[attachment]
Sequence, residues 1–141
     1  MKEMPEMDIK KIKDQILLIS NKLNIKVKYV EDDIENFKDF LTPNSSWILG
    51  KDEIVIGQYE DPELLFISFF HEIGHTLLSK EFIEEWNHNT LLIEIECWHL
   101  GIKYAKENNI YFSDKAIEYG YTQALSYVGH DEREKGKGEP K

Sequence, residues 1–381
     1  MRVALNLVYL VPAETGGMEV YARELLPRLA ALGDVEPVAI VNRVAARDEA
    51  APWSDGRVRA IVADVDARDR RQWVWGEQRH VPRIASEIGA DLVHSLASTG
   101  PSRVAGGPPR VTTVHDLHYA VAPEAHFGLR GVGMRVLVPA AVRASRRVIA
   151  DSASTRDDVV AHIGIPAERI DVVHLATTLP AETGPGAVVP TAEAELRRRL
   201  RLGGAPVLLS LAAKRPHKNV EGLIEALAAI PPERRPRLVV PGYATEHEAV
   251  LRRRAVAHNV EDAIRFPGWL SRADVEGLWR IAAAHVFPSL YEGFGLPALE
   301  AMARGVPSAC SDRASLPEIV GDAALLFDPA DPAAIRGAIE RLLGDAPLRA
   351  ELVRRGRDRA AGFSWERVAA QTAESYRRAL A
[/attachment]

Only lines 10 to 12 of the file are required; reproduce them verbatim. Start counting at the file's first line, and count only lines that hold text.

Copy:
   201  RLGGAPVLLS LAAKRPHKNV EGLIEALAAI PPERRPRLVV PGYATEHEAV
   251  LRRRAVAHNV EDAIRFPGWL SRADVEGLWR IAAAHVFPSL YEGFGLPALE
   301  AMARGVPSAC SDRASLPEIV GDAALLFDPA DPAAIRGAIE RLLGDAPLRA